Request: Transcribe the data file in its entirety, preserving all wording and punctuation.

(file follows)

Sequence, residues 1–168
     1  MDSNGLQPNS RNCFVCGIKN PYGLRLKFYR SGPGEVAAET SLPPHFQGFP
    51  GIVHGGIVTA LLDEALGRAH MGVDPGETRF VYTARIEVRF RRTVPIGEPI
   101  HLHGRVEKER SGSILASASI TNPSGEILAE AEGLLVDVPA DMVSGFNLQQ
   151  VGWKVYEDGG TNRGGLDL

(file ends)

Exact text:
Sequence, residues 1–168
     1  MDSNGLQPNS RNCFVCGIKN PYGLRLKFYR SGPGEVAAET SLPPHFQGFP
    51  GIVHGGIVTA LLDEALGRAH MGVDPGETRF VYTARIEVRF RRTVPIGEPI
   101  HLHGRVEKER SGSILASASI TNPSGEILAE AEGLLVDVPA DMVSGFNLQQ
   151  VGWKVYEDGG TNRGGLDL